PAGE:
ZCSD July Newsletter
Zen Center San Diego

  ZCSD Newsletter

     July 2013 

Practicing with Uncertainty

Let’s start with the fact that we all have an aversion, at least to some extent, to feeling the loss of control. Normally, we’re so insulated, or maintain such a narrow view of things, that we can glide through life on automatic pilot, ignoring the sense of how thin the ice beneath us really is. We try to avoid the anxious quiver inside of us by manipulating our world to make it feel safe, secure, and comfortable. We particularly want to avoid the feelings of groundlessness, and uncertainty.

Yet—think about this—life as it is, is inherently uncertain. Due to the changing and impermanent nature of things, we can never guarantee security. Still, it’s very difficult for us to accept the reality that life is not subject to our control. And as a consequence, we resist; and much of our suffering arises when we resist this reality. Still, we pretend we’re in control, just like the steersman in a row boat thinks he’s in control of his boat. He moves his rudder, and of course, to some extent he can determine where his boat will go. But, he forgets that the stream is going at its own speed, and that there may be unknown twists and turns and even rapids ahead. Like him, we may occasionally realize that we’re not, in fact, in control, but as soon as our boat hits the quiet waters we fall back into the illusion that we can control what happens. We simply don’t want to feel the uncertainty that this illusion attempts to cover over.

We will all experience times when our personal emotional distress is particularly powerful. As the saying goes, we’re all just one doctor’s visit away from falling through the thin ice. When we’re struck with serious illness, chronic pain, a relationship crisis, or financial and work reversals, it can seem as if meditation techniques like observing the mind, or feeling the spaciousness of the breath, aren’t quite enough to deal with the churning anxiety that we’re experiencing. When it seems as if the future is dissolving right in front of us, we need to know how to practice with the experience of uncertainty, or we’ll remain confused and anxious. As well, we’ll continue to detour away from genuine equanimity into the artificial comfort of distractions, busyness, or efforts to control our world.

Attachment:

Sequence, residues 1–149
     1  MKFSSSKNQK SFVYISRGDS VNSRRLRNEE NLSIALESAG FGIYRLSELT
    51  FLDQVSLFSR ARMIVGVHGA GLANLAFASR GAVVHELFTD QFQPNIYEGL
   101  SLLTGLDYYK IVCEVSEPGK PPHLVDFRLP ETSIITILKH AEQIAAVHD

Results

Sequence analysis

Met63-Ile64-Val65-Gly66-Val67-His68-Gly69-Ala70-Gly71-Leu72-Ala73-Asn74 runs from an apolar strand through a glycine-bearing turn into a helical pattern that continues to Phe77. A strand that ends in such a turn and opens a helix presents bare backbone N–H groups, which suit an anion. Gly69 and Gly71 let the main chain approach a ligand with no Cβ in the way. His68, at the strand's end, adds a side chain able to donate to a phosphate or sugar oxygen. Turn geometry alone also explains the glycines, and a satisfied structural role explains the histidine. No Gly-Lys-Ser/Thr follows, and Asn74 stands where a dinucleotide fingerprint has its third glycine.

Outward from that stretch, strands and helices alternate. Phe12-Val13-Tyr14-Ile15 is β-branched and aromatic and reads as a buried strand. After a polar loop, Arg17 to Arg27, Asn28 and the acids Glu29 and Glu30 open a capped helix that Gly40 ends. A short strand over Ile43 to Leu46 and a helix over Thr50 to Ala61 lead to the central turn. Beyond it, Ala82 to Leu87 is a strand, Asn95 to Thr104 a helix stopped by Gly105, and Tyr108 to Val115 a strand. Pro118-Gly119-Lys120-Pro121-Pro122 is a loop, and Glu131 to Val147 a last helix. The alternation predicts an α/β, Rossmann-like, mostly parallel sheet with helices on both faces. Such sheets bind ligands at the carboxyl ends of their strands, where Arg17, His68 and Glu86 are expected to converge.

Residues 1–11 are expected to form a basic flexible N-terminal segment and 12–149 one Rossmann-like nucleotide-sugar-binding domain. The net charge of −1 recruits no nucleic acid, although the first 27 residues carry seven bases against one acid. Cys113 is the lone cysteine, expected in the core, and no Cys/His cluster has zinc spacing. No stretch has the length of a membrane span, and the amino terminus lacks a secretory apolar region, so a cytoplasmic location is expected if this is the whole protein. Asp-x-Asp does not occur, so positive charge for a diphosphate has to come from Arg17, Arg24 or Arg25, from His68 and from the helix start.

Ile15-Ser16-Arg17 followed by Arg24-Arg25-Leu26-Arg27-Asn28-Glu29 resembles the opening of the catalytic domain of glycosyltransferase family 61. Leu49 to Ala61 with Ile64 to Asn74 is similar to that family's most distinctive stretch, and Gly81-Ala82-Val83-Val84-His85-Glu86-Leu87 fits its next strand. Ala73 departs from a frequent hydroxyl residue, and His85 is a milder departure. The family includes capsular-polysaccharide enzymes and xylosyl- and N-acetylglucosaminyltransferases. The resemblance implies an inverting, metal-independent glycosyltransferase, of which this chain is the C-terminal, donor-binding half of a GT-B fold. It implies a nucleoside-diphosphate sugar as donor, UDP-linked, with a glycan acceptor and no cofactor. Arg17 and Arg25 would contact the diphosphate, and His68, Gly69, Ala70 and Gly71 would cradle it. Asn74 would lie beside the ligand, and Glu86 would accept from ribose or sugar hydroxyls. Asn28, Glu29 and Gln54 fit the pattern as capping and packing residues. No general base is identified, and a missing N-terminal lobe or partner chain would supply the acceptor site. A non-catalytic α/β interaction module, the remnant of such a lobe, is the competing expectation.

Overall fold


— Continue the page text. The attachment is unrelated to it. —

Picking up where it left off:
When we experience the discomfort of uncertainty, and especially when we have the feeling of panic when things go really awry, our little mind will naturally resist. It will tell us to fix it right now, or to find a sense of ground or some escape. 

But practice asks us to see the discomfort, even the panic, with a curiosity that’s willing to explore exactly what we’re feeling in the present moment. Practice asks us to reframe our viewpoint so that we can see, and perhaps even welcome, the discomfort as our path to becoming free. This is what it means to say Yes—to simply want to know what our life is, whether it’s interesting or boring, pleasant or unpleasant, joyful or painful.

What helps us open to, or more precisely, to surrender to, the experience of a life that no longer fits our expectations—where safety, security, and certainty are no longer givens—where what we counted on is gone, and where there may be little left for us to hold on to? To surrender means to cease fighting—to give up our resistance, including our constant effort to avoid discomfort. Surrender also requires that we give up our stories—such as our stories about how life should be comfortable, or within our control, or our stories about how awful things are.